If we’re still talking about abortion, here’s a dispatch from my current heartland location, where “Abortion Kills a Beating Heart” and “It’s a Child Not a Choice” billboards herald your arrival to a lot of little towns.
The South Dakota legislature has at least one anti-abortion bill on their to-do list every year. This year, they had two. One required that women wanting an abortion sign a 13 page document prepared by the Department of Health, and initial every page. This one was simple fuckery – the single Planned Parenthood location that provides abortions had its own consent form, but apparently it wasn’t enough of a waste of time and paper. That bill passed and is now law. The other bill was an attempt to force women to have an ultrasound prior to an abortion, and also to hear the fetal heartbeat. This one failed because the anti-abortion lobby thought it was unconstitutional.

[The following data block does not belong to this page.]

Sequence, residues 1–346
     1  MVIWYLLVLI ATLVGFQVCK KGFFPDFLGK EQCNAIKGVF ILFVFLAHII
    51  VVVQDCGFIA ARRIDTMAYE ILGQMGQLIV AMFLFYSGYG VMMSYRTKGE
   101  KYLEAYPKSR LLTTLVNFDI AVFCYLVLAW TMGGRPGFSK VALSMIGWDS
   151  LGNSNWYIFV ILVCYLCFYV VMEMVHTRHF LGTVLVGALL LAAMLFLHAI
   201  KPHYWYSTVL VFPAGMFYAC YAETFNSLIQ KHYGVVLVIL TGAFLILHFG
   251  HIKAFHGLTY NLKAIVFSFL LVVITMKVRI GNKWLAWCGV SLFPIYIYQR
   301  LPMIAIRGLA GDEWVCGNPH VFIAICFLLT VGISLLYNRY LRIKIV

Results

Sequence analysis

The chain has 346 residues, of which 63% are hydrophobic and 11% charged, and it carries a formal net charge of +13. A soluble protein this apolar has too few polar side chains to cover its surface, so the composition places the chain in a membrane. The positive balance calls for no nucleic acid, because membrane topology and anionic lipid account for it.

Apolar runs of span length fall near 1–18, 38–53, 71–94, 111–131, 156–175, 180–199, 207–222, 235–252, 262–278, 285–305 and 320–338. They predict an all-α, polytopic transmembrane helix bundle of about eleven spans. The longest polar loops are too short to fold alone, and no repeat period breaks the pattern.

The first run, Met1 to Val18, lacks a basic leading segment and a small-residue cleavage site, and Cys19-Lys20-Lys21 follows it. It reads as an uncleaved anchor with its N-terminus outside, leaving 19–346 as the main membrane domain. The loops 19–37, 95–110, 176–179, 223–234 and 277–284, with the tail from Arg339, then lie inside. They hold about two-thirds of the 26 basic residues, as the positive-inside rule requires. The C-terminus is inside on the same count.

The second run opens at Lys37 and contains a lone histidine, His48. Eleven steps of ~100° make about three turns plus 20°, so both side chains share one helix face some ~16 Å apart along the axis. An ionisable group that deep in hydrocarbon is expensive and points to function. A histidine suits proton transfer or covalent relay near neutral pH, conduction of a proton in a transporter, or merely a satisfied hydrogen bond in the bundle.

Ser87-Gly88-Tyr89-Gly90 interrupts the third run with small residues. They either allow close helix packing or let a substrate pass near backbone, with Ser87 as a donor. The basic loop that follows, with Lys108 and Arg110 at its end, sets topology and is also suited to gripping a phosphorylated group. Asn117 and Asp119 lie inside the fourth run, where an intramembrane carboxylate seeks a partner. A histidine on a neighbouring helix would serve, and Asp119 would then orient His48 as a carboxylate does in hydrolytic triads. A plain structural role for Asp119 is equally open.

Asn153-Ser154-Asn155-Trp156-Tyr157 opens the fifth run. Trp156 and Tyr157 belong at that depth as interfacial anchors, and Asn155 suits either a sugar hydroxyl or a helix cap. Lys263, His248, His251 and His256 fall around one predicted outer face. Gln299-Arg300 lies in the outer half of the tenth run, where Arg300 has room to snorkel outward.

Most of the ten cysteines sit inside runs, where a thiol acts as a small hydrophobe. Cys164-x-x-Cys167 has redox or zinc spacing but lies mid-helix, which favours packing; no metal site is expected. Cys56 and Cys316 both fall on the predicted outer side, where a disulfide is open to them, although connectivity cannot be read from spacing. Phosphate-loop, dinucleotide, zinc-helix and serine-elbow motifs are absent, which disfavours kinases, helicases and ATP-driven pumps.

The reason that the anti-abortion advocates here are sensitive to whether a law is constitutional, no matter whether the Supremes are now wired to overturn Roe, is because they played with fire and got burned in the last decade. A law prohibiting abortion was overturned by a referendum (with a healthy 56-44 majority) in 2006. One of the arguments in that referendum was that litigating Supreme Court challenges is an expensive waste of time. (Another was that this bill didn’t have the exceptions for rape and incest – only the life of the mother.) Since then, legislators have pretty much stuck to throwing as much sand in the gears of what little abortion machinery is left in the state, without causing a court challenge.
Even in this red state, a good majority of people are not ready to overturn abortion. People will vote for legislators who want to overturn it, because of party affiliation, but those legislators are handcuffed by popular opinion, at least in this state.
The lesson I take home from this little bit of politics is that, at some point, even in the fucked up political environment that we’re experiencing today, popular opinion matters.